Chord Theory: Minor Chords

This week, we’ll continue our study of chord theory with an explanation of minor chords. This article assumes that you’ve read the articles below, so read them if you haven’t already.

One Step at a Time
Intervals: your tape measure for music
Chord Theory: Triads
Chord Theory: Power Chords
Chord Theory: Major Chords

Ready? Great! Let’s learn about minor chords. Minor chords have a somber sound compared to the happier-sounding major chords. Despite their distinctly different sounds, major and minor chords are only different by one note. I prefer to think of minor chords as altered major chords and that’s how we’ll learn about minor chords today.

First, let’s review the recipe for a major chord: major third + minor third. If we were to use this recipe to create an E major chord, it would look like this:

Starting on root E, we find that the third is G♯ and the fifth is B for an E major chord. I’m going to use my knowledge of the fretboard to create an easily-fingered E major chord in open position. All I have to do is find all of the Es, G♯s and Bs on the nut and first three frets:

Alright, now we’ve established what an E-major chord looks like. Now let’s look at an E minor chord. The recipe for a minor chord is:

Root + minor third interval = Third
Third + major third interval = Fifth

In short, the interval recipe for a minor chord is minor third + major third. Notice that this recipe is the opposite of a major chord. Let’s use the minor chord’s minor third + major third recipe to create an E minor chord.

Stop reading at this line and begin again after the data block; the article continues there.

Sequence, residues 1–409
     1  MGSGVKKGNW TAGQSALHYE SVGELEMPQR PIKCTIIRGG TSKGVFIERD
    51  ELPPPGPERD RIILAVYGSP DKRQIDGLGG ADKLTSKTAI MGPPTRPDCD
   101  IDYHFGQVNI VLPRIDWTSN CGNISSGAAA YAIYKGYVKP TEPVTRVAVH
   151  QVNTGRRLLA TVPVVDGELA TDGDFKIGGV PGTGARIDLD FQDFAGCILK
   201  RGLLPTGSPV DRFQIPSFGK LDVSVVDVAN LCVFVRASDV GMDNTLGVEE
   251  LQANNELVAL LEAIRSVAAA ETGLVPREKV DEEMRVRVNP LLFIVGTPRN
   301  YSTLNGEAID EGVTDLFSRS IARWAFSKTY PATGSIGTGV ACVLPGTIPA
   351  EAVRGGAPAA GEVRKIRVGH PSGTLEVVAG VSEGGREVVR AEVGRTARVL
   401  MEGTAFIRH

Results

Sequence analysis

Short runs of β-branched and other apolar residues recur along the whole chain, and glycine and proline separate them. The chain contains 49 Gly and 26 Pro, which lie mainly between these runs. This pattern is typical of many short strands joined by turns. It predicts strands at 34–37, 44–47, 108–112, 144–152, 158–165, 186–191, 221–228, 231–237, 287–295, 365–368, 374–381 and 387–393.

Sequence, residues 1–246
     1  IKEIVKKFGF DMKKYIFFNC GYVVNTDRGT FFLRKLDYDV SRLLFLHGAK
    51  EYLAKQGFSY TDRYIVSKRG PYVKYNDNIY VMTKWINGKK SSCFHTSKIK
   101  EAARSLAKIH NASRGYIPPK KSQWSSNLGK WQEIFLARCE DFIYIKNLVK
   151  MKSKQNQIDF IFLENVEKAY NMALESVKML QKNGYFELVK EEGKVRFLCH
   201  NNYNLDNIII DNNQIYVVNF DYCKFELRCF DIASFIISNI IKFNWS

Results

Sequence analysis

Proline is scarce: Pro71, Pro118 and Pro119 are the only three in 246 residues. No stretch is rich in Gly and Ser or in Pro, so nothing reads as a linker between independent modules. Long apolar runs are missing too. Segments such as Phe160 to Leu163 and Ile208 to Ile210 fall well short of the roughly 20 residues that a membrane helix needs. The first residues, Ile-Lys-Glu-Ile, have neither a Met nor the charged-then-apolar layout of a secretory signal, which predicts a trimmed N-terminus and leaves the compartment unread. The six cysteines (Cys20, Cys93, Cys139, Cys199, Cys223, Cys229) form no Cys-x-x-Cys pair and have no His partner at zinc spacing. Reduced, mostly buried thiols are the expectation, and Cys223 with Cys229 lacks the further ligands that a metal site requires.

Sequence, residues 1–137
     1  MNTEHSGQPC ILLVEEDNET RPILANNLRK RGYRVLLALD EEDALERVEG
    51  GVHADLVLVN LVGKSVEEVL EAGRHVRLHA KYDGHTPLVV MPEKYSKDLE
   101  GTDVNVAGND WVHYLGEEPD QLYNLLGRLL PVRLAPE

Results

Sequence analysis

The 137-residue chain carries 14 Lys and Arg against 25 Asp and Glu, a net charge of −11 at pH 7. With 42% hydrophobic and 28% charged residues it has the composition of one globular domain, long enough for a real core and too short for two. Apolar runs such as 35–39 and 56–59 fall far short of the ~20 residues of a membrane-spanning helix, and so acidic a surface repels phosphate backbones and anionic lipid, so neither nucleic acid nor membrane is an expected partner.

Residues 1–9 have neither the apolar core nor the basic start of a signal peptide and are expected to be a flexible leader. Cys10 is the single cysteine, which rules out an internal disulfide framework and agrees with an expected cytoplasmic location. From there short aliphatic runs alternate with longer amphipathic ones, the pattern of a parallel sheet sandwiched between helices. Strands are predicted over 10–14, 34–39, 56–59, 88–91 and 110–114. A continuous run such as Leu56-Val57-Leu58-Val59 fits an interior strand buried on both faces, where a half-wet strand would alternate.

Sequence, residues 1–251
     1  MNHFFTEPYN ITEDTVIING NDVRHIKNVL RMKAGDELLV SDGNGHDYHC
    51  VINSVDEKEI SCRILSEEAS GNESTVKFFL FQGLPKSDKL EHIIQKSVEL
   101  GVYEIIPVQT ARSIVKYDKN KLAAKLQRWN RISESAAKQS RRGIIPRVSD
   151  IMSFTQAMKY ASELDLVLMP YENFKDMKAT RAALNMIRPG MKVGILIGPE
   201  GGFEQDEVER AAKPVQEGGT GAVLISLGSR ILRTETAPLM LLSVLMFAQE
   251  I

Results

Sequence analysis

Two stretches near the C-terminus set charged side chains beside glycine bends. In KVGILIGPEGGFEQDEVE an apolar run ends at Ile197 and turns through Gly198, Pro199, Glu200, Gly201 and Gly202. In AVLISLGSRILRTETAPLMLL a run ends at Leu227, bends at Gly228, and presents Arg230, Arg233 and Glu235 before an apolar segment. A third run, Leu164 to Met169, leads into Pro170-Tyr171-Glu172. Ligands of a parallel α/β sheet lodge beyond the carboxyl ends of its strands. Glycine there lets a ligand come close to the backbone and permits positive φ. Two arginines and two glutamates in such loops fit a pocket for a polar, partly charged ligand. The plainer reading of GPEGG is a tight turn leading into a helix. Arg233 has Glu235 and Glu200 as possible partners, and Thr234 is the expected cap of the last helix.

At this point, I want to point out a couple of things. First, notice that the fifth is B for both the E major chord and the E minor chord. Why? The reason is simple math: 4 +3 = 7, just the same as 3 + 4 = 7. The minor chord recipe uses the same two intervals as the major chord recipe but in the opposite order.

So, remember this: major and minor chords of the same root note will share the same note on the fifth of the triad. That means that the only note that is changing between a major and minor chord of the same root is the third. That is the second observation: major and minor chords of that same root are different by one note. Flatten the third of a major chord to get a minor chord. As the illustration above indicates, the third of the E major chord is being flattened by a half-step to create the E minor chord.

Our triad for an E minor chord is root E, third G and fifth B. I’m going to use my an E major chord to help me find the fingering for the E minor chord. All I need to do is find the third of the major chord (G♯) and flatten it by a half-step:

The third of a chord acts like a toggle switch. If the third is a half-step closer to the fifth, the triad is major. If the third is a half-step closer to the root, the triad is minor.

Our E minor chord looks like this:

To sum up, here are the things to remember about minor chords:

  • A minor chord has a minor third + major third interval recipe.
  • The fifth of a minor chord is the same as the fifth of a major chord of the same root.
  • The only difference between a major and a minor chord of the same root is the third. The third determines the major or minor tonality of the chord.
  • A minor chord can be created by starting with a major chord and flattening its third by a half-step.

Next: diminished chords.

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